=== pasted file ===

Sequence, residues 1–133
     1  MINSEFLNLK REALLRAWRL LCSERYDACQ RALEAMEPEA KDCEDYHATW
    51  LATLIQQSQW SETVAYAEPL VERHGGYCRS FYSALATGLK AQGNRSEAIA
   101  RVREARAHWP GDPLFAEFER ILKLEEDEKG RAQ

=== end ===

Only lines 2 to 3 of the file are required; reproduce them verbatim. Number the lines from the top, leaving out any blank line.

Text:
     1  MINSEFLNLK REALLRAWRL LCSERYDACQ RALEAMEPEA KDCEDYHATW
    51  LATLIQQSQW SETVAYAEPL VERHGGYCRS FYSALATGLK AQGNRSEAIA